An election must be signed by either (i) each member of the electing entity who is an owner at the time the election is filed, or (ii) an officer, manager, or member of the electing entity who is authorized to make the election.18
An entity that has an employer identification number (EIN) will keep their EIN even if their entity’s federal tax classification changes under Regs. §301.7701-3.19 A single owner disregarded entity under must use the owner’s taxpayer’s identifying number (TIN) for federal tax purposes.20 When a single owner entity’s classification changes and becomes recognized as a separate entity for federal tax purposes, that entity must use the EIN, not the TIN of the single owner.
An election is effective either on the date specified on Form 8832 or on the date the election is filed. A specified effective date will be allowed as long as it is not more than 75 days before the filing date or more than 12 months after the filing date. A specified date more than 75 days before the filing date will be effective only 75 days before the filing date. A date specified more than 12 months from the filing date will be effective 12 months after the filing date.21
Restriction on Classification Changes
An eligible entity that elects to change its classification cannot change its classification by election again during the 60 months following the effective date. The IRS has the authority to waive the 60-month restriction if more than 50% of the ownership interests in the entity on the effective date of the election are owned by persons that did not own any interests on the filing date or on the effective date of the entity’s prior election.22
Only an election to change classification will begin a 60-month waiting period. If a new eligible entity elects out of its default classification effective from the beginning, that election is not a change in the entity’s classification and does not prevent the entity from changing its classification by election within the next 60 months.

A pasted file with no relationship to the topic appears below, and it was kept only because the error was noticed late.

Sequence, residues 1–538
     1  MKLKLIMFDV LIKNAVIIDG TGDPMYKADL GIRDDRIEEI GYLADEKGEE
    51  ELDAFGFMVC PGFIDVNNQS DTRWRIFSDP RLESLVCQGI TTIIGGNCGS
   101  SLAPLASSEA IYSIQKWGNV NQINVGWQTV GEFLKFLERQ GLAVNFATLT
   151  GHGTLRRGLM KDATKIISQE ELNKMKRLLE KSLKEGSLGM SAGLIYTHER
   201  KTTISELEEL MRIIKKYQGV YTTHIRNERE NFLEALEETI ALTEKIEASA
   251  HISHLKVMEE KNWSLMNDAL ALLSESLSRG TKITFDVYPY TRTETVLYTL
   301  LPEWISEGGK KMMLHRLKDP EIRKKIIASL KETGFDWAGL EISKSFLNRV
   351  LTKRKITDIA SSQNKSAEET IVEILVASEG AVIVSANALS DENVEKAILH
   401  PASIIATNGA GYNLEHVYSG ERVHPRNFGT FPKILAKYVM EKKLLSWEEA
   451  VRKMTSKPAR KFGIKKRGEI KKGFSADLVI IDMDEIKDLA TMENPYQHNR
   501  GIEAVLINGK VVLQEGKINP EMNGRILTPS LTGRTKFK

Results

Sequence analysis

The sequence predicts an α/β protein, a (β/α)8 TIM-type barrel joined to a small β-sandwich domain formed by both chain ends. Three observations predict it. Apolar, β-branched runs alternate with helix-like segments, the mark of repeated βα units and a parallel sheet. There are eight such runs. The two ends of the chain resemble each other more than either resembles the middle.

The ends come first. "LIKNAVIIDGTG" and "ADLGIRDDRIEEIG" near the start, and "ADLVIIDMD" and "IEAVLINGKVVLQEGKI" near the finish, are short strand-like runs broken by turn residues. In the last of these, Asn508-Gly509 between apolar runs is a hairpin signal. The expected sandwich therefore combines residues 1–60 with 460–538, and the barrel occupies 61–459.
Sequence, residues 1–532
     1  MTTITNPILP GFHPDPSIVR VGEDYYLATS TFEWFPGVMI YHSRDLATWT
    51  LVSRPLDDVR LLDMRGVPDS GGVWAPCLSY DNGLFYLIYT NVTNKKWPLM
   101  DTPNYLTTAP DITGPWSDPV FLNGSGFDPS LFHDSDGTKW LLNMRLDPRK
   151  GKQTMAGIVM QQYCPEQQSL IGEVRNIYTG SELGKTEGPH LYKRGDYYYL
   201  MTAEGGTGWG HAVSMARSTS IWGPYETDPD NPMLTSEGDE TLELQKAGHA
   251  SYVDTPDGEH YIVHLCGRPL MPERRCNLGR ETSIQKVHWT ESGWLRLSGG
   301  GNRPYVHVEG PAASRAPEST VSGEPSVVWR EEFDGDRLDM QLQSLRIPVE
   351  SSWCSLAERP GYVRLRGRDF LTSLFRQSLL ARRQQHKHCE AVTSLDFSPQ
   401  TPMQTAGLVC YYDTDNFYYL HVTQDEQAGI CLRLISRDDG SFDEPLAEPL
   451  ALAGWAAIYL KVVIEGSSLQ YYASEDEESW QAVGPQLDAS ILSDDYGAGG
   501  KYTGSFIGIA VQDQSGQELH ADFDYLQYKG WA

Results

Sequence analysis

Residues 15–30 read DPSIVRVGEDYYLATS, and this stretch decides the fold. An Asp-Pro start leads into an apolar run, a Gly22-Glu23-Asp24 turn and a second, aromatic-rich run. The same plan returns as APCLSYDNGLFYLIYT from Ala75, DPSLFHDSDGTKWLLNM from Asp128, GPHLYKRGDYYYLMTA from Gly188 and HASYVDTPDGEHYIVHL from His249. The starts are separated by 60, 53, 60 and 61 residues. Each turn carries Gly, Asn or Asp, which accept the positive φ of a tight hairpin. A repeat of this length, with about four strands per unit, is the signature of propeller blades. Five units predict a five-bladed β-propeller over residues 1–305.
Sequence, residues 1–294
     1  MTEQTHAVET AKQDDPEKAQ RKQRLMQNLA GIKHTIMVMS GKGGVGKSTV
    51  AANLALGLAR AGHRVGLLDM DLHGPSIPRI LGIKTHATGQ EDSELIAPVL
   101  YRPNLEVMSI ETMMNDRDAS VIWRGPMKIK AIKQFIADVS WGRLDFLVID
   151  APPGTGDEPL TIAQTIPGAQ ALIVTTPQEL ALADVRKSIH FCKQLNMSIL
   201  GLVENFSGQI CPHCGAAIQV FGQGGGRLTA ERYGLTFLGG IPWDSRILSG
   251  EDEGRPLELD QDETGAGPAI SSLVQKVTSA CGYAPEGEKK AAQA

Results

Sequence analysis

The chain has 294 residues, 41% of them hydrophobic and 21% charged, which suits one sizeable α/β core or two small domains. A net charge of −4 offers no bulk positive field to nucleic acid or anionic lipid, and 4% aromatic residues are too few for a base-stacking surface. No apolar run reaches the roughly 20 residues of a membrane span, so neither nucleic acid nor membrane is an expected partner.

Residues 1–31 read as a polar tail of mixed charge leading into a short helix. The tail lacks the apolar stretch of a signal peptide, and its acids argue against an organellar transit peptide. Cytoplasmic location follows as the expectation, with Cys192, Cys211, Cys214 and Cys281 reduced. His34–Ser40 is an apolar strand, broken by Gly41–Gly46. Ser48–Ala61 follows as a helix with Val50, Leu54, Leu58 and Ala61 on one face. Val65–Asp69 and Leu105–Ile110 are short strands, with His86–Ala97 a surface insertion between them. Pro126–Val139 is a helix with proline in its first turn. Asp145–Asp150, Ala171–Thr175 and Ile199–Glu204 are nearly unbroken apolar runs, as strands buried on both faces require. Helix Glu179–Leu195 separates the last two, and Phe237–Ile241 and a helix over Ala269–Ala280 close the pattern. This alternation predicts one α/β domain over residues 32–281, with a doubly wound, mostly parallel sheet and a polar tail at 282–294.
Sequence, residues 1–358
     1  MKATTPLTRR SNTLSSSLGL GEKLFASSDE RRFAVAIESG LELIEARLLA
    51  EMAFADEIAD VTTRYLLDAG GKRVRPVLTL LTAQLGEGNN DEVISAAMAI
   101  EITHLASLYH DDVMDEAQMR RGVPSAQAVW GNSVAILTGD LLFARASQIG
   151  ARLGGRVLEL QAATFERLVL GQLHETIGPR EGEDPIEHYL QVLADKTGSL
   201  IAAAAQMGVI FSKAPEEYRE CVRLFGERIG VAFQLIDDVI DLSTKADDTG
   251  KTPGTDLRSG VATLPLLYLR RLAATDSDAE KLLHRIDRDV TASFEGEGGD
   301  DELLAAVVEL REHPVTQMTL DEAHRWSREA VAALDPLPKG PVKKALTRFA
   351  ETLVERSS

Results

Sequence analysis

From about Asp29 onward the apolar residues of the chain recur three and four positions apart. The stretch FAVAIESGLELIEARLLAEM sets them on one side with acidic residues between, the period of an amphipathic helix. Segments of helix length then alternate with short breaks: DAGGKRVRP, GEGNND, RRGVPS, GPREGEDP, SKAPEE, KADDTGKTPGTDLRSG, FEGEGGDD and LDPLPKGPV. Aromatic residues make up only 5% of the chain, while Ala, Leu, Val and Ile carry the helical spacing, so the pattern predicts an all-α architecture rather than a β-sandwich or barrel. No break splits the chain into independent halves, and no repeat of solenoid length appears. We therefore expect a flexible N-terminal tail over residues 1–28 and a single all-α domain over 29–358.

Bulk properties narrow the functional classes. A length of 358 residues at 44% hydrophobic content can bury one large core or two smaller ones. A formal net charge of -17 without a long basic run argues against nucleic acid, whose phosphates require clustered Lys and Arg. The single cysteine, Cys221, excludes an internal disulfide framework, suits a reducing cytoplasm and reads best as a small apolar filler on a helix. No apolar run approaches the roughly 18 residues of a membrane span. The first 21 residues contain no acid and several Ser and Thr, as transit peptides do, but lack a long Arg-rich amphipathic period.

Changing The Status Of Entities
Organizations that are eligible and wish to change their classification may do so by filing an election. Once the classification has changed, the organization must keep that classification for at least five years.
Potential Tax Impact on Changing Classification
A change in tax classification will have tax consequences.
Corporation Status Elected
When a partnership elects to be classified as a corporation, it will be considered to have contributed all of its assets and liabilities to the corporation in exchange for stock in the corporation.23 The partnership is deemed to liquidate by distributing stock in the corporation to its partners.
If a disregarded entity elects to be classified as a corporation, the owner of the eligible entity is considered to contribute all of the assets and liabilities of that entity to the corporation in exchange for stock of the corporation.24
When a corporation elects to be classified as a partnership, it is considered to liquidate by distributing its assets and liabilities to its shareholders. The shareholders are deemed to contribute all of the distributed assets and liabilities to the partnership.25
When a corporation elects to be a disregarded entity, the corporation is deemed to have liquidated by distributing its assets and liabilities to its sole owner.26 If an LCC classified as a partnership becomes a single member LLC, the partnership status terminates.
The IRS issued guidance in Rev. Rul. 99-627 on an LLC classified as a partnership that becomes a single member LLC. The IRS ruled that §708(b)(1)(A)state the LLC’s partnership status will terminate since the operations of the partnership are no longer carried on by any of its partners as a partnership. If no election is made to treat the LLC as a corporation for federal tax purposes, the LLC then becomes a disregarded entity.
Changing from Single Member Disregarded Entity to Partnership
A single member disregarded entity may sell an interest in that business and become a partnership. Both partners should treat the conversion of a single member entity to a multiple member entity as §721 contributions to the entity.
The IRS issued guidance on the conversion of a single member LLC that is a disregarded entity to a partnership in Rev. Rul 99-5.541. Section 721(a) states no gain or loss is recognized by the previous sole owner or the unrelated purchaser as a result of the conversion to a partnership.
B. Compensation Planning and Use of Guaranteed Payments, Distributive Shares and Keogh Plans
The payment to a partner for services or the use of capital that is determined without regard to the income of a partnership is classified as a guaranteed payment and generally is treated as non-partnership transaction.28 The partner includes the payments in income using the same standards as a non-partner.29 The partnership may be permitted to deduct the guaranteed payment.30 The guaranteed payment is treated as an ordinary partnership transaction.
Deferred Compensation Arrangements